NorCal Rapist’ suspect found guilty on all 46 charges from attacks dating back to 1991
A Northern California jury deliberated just 2½ hours before convicting a serial rapist on all charges Wednesday, bringing him to justice for a series of terrifying home attacks between 1991 and 2006.
The panel in Sacramento found “NorCal Rapist” Roy Waller, 60, guilty on 46 counts, including rape, sodomy and kidnapping, related to the assaults of nine women in six counties across Northern California.
“Twenty-nine years of waiting and waiting, amazing, amazing, great day, great day,” said Nicole Earnest-Payte, who was assaulted in Rohnert Park and was Waller’s first known victim. “A lot of work went into solving this case, couldn’t be more grateful to everyone involved.”
Investigators identified Waller through the public genealogy website GEDMatch, which also was used to bring “Golden State Killer” Joseph DeAngelo to justice.
DeAngelo, a 75-year-old former police officer, pleaded guilty earlier this year to 13 counts of first-degree murder and 13 rape-related charges. DeAngelo is serving consecutive life terms.
“We’re just thankful that DNA was there and the victims were able to receive justice, no matter how long it took,” Sacramento County Deputy DA Keith Hill said.
Evidence of Waller’s DNA was at nearly all the crime scenes, making deliberations fast, according to Juror No. 7, who identified himself as Michael H.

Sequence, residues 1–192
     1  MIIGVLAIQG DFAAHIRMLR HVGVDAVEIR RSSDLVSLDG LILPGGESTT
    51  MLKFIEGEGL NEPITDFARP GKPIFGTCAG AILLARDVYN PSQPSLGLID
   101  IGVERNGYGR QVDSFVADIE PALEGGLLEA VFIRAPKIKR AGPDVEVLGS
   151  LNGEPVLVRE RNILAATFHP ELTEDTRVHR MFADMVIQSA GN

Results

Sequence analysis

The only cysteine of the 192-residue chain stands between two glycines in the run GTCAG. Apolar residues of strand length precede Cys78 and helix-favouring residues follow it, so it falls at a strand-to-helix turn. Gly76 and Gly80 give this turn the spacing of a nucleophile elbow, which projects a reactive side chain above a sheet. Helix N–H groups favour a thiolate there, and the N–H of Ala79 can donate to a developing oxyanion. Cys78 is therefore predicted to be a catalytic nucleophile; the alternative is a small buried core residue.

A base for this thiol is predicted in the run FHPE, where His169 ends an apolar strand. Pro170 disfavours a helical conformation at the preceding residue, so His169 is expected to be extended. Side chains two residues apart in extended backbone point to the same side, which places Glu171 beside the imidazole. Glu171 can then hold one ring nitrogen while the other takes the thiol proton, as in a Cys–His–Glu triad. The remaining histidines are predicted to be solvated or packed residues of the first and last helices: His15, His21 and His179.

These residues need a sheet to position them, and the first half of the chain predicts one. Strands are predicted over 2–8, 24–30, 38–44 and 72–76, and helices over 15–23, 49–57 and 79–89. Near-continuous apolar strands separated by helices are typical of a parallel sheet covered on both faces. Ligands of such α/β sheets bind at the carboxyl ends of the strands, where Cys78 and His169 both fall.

“We all knew it was a slam dunk case,” the juror said. “DNA don’t lie. Your DNA can’t show up at every rape case if you’re innocent.”
Waller had been an employee at the University of California, Berkeley, where he worked as a safety specialist in the Environment, Health and Safety Department. Police and school officials said none of the assaults are believed to have occurred on campus.
Waller’s modus operandi was to learn a victim’s name, study their daily routines, break into the women’s homes late at night and tie them up. He largely targeted younger Asian women, authorities said.
Waller had a vast collection of sexually explicit images of bound Asian women, prosecutors showed at trial.
“It was heartbreaking, tear-dropping what them young ladies had to go through,” Juror No. 7 said.
“It’s just terrible the way he prowled on them young ladies. They didn’t speak good English. They come to America figuring they’re going to make a better life and then all of this has to happen to them.”
Victim Theresa Lane said it was gratifying to stare down Waller as he sat, hands folded, at the defense table hearing all 46 guilty verdicts.
Lane fought her attacker, slashing his forehead, matching a scar on Waller’s forehead.
“I just feel like there’s some things that will never go away,” Lane said her 1992 attack in Vallejo. “But he’s going away.”